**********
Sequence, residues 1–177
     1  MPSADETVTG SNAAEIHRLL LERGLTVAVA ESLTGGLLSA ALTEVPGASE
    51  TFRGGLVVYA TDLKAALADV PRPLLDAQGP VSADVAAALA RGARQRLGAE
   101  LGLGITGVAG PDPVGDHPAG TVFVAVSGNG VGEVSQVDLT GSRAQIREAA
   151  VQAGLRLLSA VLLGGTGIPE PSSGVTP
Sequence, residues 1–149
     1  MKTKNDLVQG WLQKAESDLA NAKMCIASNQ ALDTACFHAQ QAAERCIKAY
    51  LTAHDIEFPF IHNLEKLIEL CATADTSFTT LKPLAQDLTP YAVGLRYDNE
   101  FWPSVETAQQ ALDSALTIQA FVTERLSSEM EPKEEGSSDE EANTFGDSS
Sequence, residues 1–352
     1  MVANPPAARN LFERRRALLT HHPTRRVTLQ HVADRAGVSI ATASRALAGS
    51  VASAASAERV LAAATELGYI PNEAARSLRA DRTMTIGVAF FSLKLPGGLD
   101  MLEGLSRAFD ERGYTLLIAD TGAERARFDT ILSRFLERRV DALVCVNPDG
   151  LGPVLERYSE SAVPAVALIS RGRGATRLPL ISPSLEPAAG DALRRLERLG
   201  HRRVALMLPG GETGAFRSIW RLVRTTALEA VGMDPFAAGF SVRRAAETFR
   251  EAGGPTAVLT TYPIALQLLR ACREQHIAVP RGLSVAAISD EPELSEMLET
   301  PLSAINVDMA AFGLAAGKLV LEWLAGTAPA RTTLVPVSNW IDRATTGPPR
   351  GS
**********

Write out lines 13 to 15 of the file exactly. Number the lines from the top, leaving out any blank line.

   101  MLEGLSRAFD ERGYTLLIAD TGAERARFDT ILSRFLERRV DALVCVNPDG
   151  LGPVLERYSE SAVPAVALIS RGRGATRLPL ISPSLEPAAG DALRRLERLG
   201  HRRVALMLPG GETGAFRSIW RLVRTTALEA VGMDPFAAGF SVRRAAETFR